Beer: Wild Tripelle
Brewery: La Sirêne Brewing (Melbourne, Australia)
Style: Belgian Tripel
8% ABV / N/A IBU
La Sirêne Brewing’s Wild Tripelle took a little while to make it across the Pacific Ocean. By the time this hit shelves last year, it was already aging. This beer is specifically a 2016 vintage, which the Australian brewery allowed to ferment naturally, and then age in oak barrels, for 20 months. By the time I sampled it, it was basically three-and-a-half years old—not a bad thing for fermented beers, where additional magic happens in the bottle. There’s probably a tipping point where the brew becomes undrinkable, but if you have the patience to cellar sours and farmhouse ales (in bottles) for a while, it can be a transformative experience.
36+ months in, the Belgian tripel base of the Wild Tripelle is pretty muted. It looks like a tripel, and it certainly has its booziness, but the fermentation and the aging process have created something very different from the Belgian brewing tradition. In dubbels, tripels and quads, malts are typically the star of the show; with Wild Tripelle, you can’t really even taste the malt. It’s all about the funk, produced through natural fermentation—literally bubbling in an open tank—and a hint of additional earthiness imparted by the oak from the barrels.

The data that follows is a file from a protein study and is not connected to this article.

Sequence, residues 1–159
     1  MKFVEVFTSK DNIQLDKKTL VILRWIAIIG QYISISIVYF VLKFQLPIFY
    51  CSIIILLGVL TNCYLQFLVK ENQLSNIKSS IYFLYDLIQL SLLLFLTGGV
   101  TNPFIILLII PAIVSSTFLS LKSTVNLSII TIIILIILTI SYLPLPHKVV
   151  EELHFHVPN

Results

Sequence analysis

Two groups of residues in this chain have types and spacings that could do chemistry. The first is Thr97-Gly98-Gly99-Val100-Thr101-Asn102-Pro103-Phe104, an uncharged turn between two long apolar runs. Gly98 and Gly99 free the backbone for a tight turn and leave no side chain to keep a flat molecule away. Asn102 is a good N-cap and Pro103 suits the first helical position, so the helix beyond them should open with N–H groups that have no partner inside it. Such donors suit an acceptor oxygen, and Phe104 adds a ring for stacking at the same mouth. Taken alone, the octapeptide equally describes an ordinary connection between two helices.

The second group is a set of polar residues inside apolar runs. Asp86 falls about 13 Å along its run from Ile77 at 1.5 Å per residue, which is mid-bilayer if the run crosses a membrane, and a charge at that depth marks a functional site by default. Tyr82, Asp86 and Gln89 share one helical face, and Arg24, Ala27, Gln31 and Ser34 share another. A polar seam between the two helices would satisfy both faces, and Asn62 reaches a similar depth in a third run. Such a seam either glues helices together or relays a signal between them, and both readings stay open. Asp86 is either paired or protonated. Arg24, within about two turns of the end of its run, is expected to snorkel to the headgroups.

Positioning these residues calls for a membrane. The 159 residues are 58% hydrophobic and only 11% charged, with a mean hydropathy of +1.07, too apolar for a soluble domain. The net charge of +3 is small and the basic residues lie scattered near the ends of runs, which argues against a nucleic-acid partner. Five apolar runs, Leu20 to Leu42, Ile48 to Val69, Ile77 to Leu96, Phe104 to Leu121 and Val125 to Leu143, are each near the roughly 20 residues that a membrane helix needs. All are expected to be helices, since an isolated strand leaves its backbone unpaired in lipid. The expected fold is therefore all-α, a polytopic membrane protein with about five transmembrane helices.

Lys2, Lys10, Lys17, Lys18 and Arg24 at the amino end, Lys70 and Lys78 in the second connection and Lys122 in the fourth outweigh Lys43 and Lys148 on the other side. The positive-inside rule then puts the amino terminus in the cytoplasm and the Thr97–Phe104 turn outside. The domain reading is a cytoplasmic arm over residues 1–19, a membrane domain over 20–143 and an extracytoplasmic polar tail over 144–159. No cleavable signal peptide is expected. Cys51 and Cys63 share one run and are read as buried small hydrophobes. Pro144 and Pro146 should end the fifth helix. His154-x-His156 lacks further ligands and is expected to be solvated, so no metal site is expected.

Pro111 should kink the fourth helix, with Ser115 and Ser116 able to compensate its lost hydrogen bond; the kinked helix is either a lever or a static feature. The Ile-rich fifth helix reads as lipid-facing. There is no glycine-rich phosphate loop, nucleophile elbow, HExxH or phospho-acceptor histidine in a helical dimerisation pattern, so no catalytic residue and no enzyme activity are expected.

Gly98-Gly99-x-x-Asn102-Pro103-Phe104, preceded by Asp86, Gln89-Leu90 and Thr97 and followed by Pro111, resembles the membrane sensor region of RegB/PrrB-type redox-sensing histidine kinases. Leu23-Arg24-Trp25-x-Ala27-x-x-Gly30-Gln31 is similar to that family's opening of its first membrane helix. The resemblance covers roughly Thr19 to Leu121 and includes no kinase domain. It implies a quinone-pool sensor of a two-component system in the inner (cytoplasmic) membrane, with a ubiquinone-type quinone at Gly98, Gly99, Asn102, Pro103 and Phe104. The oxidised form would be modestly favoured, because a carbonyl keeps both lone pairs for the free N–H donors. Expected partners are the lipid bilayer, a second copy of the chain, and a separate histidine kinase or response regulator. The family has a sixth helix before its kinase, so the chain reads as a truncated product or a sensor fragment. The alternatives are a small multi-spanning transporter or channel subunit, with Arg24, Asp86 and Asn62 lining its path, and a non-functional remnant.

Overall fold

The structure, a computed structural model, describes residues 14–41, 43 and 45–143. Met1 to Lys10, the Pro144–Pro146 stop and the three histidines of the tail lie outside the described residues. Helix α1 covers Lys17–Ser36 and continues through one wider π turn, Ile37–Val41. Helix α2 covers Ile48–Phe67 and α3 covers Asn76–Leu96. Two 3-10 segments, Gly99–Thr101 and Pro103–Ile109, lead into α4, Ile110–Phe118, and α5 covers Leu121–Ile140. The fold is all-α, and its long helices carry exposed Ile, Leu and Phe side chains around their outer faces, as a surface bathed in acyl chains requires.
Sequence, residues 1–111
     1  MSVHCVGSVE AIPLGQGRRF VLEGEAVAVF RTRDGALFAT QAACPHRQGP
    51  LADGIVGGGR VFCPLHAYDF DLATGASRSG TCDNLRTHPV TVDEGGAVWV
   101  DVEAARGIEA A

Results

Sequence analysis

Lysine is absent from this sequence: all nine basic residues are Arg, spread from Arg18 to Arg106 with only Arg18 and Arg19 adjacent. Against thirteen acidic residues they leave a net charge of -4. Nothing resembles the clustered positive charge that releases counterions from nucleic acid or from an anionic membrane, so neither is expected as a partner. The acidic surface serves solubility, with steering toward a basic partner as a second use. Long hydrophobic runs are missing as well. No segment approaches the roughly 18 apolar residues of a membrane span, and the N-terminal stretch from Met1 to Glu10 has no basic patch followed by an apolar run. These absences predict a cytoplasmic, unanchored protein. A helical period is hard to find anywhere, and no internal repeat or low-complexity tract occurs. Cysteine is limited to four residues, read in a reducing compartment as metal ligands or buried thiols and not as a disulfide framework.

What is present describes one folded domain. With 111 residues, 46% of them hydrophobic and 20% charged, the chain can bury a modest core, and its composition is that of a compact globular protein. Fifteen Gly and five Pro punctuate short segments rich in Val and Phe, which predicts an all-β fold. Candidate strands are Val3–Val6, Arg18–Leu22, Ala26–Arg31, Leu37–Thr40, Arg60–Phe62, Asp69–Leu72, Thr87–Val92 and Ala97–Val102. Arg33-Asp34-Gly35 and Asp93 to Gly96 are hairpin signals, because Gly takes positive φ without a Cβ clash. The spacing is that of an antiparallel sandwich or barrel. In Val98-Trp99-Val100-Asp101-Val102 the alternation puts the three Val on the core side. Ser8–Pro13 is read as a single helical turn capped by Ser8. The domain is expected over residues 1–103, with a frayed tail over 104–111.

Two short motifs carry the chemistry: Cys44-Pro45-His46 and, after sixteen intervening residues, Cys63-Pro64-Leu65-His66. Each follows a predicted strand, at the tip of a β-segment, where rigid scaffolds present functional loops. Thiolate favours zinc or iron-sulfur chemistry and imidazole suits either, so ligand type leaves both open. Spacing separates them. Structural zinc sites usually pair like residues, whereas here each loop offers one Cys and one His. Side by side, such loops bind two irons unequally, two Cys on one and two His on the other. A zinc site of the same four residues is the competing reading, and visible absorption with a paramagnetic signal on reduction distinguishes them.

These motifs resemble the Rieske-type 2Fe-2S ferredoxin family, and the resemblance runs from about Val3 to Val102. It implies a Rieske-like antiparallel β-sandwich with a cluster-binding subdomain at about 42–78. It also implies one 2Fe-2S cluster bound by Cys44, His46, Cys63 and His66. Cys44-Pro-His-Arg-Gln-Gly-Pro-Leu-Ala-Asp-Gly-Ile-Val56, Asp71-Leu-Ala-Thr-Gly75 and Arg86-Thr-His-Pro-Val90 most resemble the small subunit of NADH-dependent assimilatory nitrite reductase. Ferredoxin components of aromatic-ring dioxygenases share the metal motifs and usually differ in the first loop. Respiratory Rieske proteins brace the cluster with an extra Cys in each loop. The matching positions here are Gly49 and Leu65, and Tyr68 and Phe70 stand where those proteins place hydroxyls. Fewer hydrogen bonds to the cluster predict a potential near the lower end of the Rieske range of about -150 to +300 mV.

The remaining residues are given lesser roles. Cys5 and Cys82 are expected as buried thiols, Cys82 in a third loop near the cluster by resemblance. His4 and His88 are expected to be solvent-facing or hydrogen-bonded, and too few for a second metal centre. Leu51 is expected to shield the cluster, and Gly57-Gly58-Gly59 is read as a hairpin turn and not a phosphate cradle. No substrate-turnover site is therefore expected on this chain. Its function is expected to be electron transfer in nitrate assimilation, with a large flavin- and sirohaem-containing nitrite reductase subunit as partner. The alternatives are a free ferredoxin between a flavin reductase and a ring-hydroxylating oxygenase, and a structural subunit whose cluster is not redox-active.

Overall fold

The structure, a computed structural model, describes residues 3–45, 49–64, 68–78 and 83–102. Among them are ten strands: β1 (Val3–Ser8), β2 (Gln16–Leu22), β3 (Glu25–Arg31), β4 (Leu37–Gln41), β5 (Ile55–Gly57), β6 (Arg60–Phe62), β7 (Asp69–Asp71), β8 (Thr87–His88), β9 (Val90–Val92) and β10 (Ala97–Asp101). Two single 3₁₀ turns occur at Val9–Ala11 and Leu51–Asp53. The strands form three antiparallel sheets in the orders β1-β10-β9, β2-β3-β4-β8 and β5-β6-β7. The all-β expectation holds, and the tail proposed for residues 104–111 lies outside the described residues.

The dominant flavors of Wild Tripelle are lemon/orange/citrus, with an aroma that smells somewhat of fresh baked bread, likely due to the wild yeast strain. It’s simultaneously “meh” as a Belgian tripel and novel as a farmhouse-style ale. Is this what Belgian beers would taste like with the introduction of a little bacteria and some dedication to aging? If so, that would be a welcome shift. Perhaps Wild Tripelle’s only strike is that it could’ve used more aging, particularly in port wine barrels, or even better, Madeira barrels—the dry Portuguese wine it already close resembles.
For more info, check out La Sirêne Brewing here.